An Open Letter to my Body

Look, this is not easy for me.

I want to make some changes, and I’m pretty sure one of them needs to be my relationship with you, because, for better or for worse, we’re stuck with each other till the end. And I’ll be honest, if trading you in for a more functional model with better bells and whistles were an option, I’d do it. I wouldn’t even have to stop and think about it. Hell, at this point, it wouldn’t even have to be more attractive. I’d settle for one that doesn’t engage in attacking itself from the inside out.

So you can already see the challenge. We’re not really starting from a great place. And full disclosure, I think a lot of my anger at you is valid and justified. You’ve been pretty crappy to me. Especially in the last 10 years.

That said, I will fully acknowledge that at least some of this is not your fault. Some of it has to do with living in a society that prizes many of the things you are not, and some of it has to do with things you had no control over – it’s irrational to blame you for your innate makeup, as hard as that is for me to admit. Some of it also has to do with the environmental factors in my childhood that you had no control over – additives and hormones in foods and inaccurate nutrition information that shaped how your DNA ended up expressing itself, and the explicit and implicit societal messages relentlessly letting me know that everything you were – fat, hairy, freckled, too pale, with too dark of hair, unathletic – made you, and by extension, me, Not Good Enough. That’s not on you. I get that cognitively, and I’m trying to work through it emotionally. I have been trying to work through it for a few years now. I still feel some resentment towards you about it, but I’m trying to shift that to those who are really to blame. (Which basically, I think, consists of the Reagan “ketchup is a vegetable” administration and the corn and sugar industries that took over the food market in the 70s and 80s.)

The PCOS and autoimmune stuff is a little harder, though.

It is really, really tough to like you, much less love you, or hell, even just to stop hating you, when all the ways you’ve malfunctioned have taken nearly everything from me. I will never be pregnant, or give birth, or breastfeed a baby because of you. (That loss, alone, very nearly killed us both this year.) I lost my career and my home and my independence because of you. I will probably never be able to hold another full-time job because of you. I have not had a pain-free day in over 8 years because of you.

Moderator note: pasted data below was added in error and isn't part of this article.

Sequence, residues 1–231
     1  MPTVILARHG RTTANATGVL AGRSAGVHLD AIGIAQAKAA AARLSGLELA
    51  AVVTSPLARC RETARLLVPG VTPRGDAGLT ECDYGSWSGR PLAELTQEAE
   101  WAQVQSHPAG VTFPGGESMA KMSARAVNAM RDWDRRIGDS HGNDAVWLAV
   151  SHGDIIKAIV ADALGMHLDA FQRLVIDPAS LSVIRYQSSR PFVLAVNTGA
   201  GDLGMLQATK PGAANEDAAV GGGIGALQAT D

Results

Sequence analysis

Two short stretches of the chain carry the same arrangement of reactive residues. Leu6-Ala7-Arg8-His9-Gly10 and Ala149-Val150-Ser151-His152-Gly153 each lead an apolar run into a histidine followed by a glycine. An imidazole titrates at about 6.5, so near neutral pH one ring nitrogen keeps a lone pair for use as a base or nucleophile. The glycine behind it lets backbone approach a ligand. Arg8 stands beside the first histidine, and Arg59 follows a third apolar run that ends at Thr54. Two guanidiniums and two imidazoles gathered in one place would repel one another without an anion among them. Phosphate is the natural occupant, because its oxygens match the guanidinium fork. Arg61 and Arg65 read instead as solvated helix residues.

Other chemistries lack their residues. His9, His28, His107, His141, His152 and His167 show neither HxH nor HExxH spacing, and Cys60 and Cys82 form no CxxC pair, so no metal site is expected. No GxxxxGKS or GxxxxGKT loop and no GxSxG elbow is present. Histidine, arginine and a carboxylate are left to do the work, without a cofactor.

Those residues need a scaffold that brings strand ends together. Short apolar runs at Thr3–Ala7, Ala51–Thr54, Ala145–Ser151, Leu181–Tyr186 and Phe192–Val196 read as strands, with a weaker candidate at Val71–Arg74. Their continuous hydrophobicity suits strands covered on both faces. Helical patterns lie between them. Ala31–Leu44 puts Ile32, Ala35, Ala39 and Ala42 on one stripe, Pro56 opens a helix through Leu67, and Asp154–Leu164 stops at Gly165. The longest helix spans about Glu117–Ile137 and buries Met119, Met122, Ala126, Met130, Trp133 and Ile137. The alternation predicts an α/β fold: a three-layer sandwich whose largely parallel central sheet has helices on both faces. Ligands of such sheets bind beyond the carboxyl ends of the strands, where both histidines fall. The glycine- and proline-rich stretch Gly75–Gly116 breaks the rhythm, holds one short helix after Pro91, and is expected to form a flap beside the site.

I am terrified of what my future holds, and how much worse it could – and probably will – get because of you.

That said, it’s not like hating you for all of that – no matter how justified – is exactly productive.

I’ve made little concessions over the years. Trying to accept and respect your limitations, even when that meant doing things that were embarrassing or inconvenient for me, like taking a crowded elevator one floor and ignoring the dirty looks, or riding in a grocery store motor cart and making a concentrated effort not to worry about what the people who couldn’t see the pain you were causing me were thinking about the fat young woman who looked otherwise healthy.

I started wearing a bikini. After the first few times, I genuinely stopped caring what other people thought about it

I’ve advocated against fat stigma, in both healthcare and social settings.

I’ve been conditioned since childhood to view you as an enemy to be punished and bullied into submission. Whether that meant depriving you of food and exercising until it hurt, or giving up entirely and only feeding you crap after it became obvious that the deprivation and backbreaking exercise weren’t going to get the results I wanted, or scrubbing you with harsh, abrasive chemicals to punish your surface for its blemishes, or wearing uncomfortable, restrictive clothes and shoes to at least give the illusion that you were taller and thinner than you’ve ever been.

It’s going to take time. And to be honest, I don’t really know if I’ll ever be able to see you as a friend or ally. But maybe we don’t have to be enemies for whatever time we have left together.

So I am trying to eat better, and move in ways that help or don’t exacerbate the pain, and wear things that are comfortable, and take care of your surface with things that feel and smell good.

Do you think maybe you could meet me halfway here?